Oth­ers have noticed—though this could also be muse­um pol­i­tics as usual—that MOCA has lost a few promi­nent trustees, like Susan Nimoy, who is mar­ried to actor Leonard Nimoy. She decamped to the Ham­mer Muse­um.

DC: Speak­ing of the Ham­mer Muse­um, it looks like there are plen­ty of oth­er muse­ums doing con­tem­po­rary art in town. Why should any­one care if MOCA lives or dies?

JF: MOCA’s col­lec­tion is tru­ly first-rate, but it has spent most of its life in stor­age. So for prac­ti­cal pur­pos­es, it’s the exhi­bi­tion pro­gram that sets the muse­um apart. More than any oth­er place here, MOCA is where you go to see the big shows you might have missed in New York, like Gor­don Mat­ta-Clark from the Whit­ney. MOCA also orig­i­nates major shows like WACK!, the fem­i­nist art sur­vey, and the recent Rauschen­berg com­bines show. You just can’t get those kinds of shows from small­er con­tem­po­rary art muse­ums.

DC: I read that Eli Broad has offered $30 mil­lion to MOCA. Is this going to solve their prob­lems? What does the future of the muse­um look like?

JF: It’s a fab­u­lous amount of mon­ey that could go a long way towards keep­ing the muse­um intact and inde­pen­dent, and pos­si­bly solve the prob­lem that I just men­tioned of the per­ma­nent col­lec­tion not hav­ing a per­ma­nent home. But nobody except Eli Broad real­ly knows exact­ly what con­di­tions will be attached to the gift. Does he want to sit on the board of trustees? Does he want to replace the board of trustees? Does he want to replace the muse­um direc­tor? And does he expect to use the muse­um as a show­case for part of the Broad col­lec­tion? We don’t know what strings there will be; but con­sid­er­ing Mr. Broad’s his­to­ry with var­i­ous muse­ums in town, it is safe to assume there will be some strings.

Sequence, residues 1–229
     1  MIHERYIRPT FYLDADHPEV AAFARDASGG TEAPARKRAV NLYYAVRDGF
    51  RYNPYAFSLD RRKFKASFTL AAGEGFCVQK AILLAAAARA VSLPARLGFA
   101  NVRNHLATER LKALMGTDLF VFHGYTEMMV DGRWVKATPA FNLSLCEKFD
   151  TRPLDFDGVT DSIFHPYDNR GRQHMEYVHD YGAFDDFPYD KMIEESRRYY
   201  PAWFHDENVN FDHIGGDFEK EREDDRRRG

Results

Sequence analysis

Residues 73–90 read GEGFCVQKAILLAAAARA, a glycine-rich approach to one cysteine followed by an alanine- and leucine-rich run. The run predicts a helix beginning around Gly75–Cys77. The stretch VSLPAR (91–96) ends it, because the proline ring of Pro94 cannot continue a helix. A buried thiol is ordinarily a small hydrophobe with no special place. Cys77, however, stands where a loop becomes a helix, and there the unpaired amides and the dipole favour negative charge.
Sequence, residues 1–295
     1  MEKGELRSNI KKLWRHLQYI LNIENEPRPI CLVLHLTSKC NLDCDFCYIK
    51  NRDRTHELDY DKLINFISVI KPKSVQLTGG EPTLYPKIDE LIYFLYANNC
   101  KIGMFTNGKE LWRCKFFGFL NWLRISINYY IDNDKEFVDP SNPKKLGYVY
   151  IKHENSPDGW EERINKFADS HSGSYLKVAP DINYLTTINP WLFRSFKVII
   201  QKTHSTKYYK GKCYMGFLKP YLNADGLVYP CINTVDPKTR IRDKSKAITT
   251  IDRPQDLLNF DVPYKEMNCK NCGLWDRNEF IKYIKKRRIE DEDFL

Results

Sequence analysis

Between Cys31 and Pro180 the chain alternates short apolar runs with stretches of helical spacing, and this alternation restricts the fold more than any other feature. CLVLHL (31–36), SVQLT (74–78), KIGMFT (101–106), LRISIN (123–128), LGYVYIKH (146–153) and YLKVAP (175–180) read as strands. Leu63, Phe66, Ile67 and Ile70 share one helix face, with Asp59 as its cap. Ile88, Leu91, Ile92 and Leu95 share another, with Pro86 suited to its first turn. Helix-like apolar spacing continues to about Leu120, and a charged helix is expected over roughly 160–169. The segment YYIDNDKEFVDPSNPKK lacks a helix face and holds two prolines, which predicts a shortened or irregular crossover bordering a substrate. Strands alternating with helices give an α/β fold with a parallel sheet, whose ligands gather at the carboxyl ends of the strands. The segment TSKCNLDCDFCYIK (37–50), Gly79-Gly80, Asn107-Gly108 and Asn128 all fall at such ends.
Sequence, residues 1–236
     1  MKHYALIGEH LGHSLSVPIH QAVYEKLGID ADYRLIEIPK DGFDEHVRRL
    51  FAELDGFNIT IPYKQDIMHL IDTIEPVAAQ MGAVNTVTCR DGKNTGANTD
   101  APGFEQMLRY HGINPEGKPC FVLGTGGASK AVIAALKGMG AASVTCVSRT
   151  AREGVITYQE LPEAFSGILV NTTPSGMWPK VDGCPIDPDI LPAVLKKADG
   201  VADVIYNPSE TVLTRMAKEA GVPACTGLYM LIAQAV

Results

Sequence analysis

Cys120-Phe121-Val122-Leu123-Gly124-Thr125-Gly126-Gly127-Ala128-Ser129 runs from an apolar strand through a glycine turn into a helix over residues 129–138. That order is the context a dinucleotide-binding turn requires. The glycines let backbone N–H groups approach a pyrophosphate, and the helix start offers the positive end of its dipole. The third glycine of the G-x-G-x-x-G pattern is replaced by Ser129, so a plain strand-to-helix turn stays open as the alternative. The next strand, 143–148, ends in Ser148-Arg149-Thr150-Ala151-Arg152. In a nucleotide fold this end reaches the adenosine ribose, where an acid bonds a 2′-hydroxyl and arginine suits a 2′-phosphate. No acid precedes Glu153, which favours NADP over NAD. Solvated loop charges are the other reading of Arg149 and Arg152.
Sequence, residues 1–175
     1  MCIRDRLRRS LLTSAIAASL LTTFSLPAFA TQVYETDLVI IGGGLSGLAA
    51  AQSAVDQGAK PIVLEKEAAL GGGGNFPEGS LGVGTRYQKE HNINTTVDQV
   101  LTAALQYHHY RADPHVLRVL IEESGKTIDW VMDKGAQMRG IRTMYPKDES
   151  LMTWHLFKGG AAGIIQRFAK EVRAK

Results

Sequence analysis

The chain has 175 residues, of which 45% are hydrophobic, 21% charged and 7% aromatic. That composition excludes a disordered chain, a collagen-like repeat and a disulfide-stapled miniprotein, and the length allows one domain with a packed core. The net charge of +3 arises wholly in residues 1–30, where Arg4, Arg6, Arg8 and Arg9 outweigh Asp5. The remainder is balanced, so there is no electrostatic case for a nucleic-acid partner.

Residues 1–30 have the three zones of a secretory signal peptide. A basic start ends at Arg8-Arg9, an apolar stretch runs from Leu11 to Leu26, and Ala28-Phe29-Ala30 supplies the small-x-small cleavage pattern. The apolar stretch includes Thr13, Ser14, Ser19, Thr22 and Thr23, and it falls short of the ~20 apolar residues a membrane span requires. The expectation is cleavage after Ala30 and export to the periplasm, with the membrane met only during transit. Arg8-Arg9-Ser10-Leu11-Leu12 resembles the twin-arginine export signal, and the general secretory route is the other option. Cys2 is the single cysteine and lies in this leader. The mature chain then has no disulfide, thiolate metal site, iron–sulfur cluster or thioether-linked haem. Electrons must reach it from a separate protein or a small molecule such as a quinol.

DC. Just to push the last ques­tion some more… Giv­en how MOCA has man­aged its funds to date, what kind of changes do you think MOCA needs to under­go? Or to put it most blunt­ly, if you were put in Eli Broad’s shoes, what strings would you attach?

JF: Ah, tough ques­tion. My hus­band is a bank­rupt­cy attor­ney who works with trou­bled companies—so he’s the one you should real­ly talk to. But I should add that Eli Broad has already put one con­di­tion on the table. With­out spec­i­fy­ing a time­frame, he did write that he expects MOCA to raise $30 mil­lion on its own. Nobody wants to invest in a trou­bled com­pa­ny that doesn’t have the means to pull through, so this is a famil­iar kind of safe­guard.

by | Permalink | Comments (2) |

Sup­port Open Cul­ture

We’re hop­ing to rely on our loy­al read­ers rather than errat­ic ads. To sup­port Open Cul­ture’s edu­ca­tion­al mis­sion, please con­sid­er mak­ing a dona­tion. We accept Pay­Pal, Ven­mo (@openculture), Patre­on and Cryp­to! Please find all options here. We thank you!

Comments (2)
You can skip to the end and leave a response. Pinging is currently not allowed.

Leave a Reply

Open Culture was founded by Dan Colman.